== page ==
Lastly, a note on flavored tea and flavored/filled chocolate. There is absolutely nothing saying that you can’t extend this pairing approach to include flavored teas or filled/flavored chocolates. That said, it’s important to keep it simple. Too many added flavors (either in the tea or the chocolate) can make for pairings that are too busy or too complicated – and often not as enjoyable. Pick your focus, keep it simple and let a couple flavors take the spotlight.

Fall Menus with Tea

For most of us, fall signals a time for settling in and getting cozy in the kitchen. Steaming mugs, bowls of soup and comforting warm food help keep the cooling nights at bay. For us, it means lots of spicy tea, chai lattes, and incorporating fall flavors into everything we make. It’s the perfect time of year to ease into the indulgence of the holidays. We’ve rounded up some of our favorite fall recipes for that crisp autumn feeling, and topped it off with a few holiday cookie recipes to get you ready for holidays.

For Breakfast: SUPER Chai Pumpkin Muffins & More

What’s easier than grabbing a muffin in the morning? Make these SUPER Chai Pumpkin Muffins on Sunday night and scarf them down in the carpool lane or on your morning commute. They’re sweetened with applesauce, enhanced with blueberries and flavored with our Masala Chai Black Tea - making them the perfect breakfast on the go.

Looking for something slightly more…indulgent? These Masala Chai Spiced Donuts are totally up your alley.

For Lunch: A Warming Soup

This Dragonwell Green Tea Chicken Noodle Soup is a hearty and warming lunch. With a boost of protein and lots of veggies to boot, this is the perfect soup to make on a weekend and draw from all week long. Plus, the Dragonwell Green Tea will give you an afternoon caffeine boost!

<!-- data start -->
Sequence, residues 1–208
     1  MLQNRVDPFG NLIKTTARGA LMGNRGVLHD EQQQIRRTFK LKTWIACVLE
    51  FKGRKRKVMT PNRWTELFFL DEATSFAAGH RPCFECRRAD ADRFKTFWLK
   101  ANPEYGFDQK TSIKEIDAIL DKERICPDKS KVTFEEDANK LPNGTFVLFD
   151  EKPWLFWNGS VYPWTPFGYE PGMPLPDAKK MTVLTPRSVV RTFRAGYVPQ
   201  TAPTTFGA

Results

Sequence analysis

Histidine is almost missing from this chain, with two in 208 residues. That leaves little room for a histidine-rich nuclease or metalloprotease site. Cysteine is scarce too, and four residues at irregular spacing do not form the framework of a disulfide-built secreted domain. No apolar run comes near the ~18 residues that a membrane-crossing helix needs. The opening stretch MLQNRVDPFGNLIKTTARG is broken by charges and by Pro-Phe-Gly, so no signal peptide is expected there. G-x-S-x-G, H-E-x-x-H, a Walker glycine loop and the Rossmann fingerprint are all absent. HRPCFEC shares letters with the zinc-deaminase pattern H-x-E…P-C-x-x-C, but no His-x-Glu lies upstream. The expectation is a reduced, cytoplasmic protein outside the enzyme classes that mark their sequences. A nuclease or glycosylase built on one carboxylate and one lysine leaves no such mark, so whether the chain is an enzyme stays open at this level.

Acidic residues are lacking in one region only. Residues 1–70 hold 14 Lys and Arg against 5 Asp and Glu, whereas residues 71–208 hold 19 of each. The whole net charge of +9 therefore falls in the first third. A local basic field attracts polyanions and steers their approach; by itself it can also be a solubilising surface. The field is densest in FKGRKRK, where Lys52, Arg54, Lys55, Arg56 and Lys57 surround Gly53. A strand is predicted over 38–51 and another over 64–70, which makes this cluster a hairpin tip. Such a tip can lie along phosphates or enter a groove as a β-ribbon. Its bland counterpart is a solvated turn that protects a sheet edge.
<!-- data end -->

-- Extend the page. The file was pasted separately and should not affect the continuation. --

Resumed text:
And because we always have a little chocolate after lunch, we couldn’t resist including these lovely chocolate energy bites - the perfect accompaniment for a mid-afternoon cup of matcha!

For Dinner: All The Squash!

Mother nature must have known that we would need a vitamin boost before our long dark winter. Why else would she have given us an abundance of squash just as cold and flu season was closing in? Luckily, this is one versatile ingredient. We love this Miso Delicata Squash recipe from 101 Cookbooks. And if you’re looking for something a bit heartier – but no less healthy! – try this Butternut Squash Lasagna from My New Roots. The sweetness of squash pairs well with a darker tea. Around dinnertime, try pairing with a relaxing variety such as our Organic Wu Yi Oolong.

For Dessert: Put Your Pumpkin Haul to Good Use

Who said you have to carve those pumpkins and put them on your doorstep? If you’ve managed to come across some sugar pie pumpkins, you can clean them, roast them and make the most delicious pie. We love this Masala Chai Pumpkin Pie, an even more delicious twist on the classic.

And if you’re looking for a way to use those apples, we keep coming back to this Black Tea Apple Pie from (the now retired blog) Sift and Whisk. If you’d rather drink your tea with your dessert, we think this Skillet Apple Cake is well worth the minimal effort. (Tip: Use sweeter apples and less sugar!) And if you want to get SUPER fancy, bake this apple cake... and please invite us over.

Holiday Cookies with Tea

Matcha Pistachio Cookies

If it’s just not Christmas until you’ve gotten out your cookie cutters, this recipe is for you. These deep green matcha pistachio cookies get a health boost with the addition of matcha, the antioxidant packed finely-ground form of green tea. Because green tea helps your body metabolize sugar, you can feel a little better about indulging.

Tip: Ceremonial-grade matcha is best for drinking. Try cooking-grade matcha for this recipe.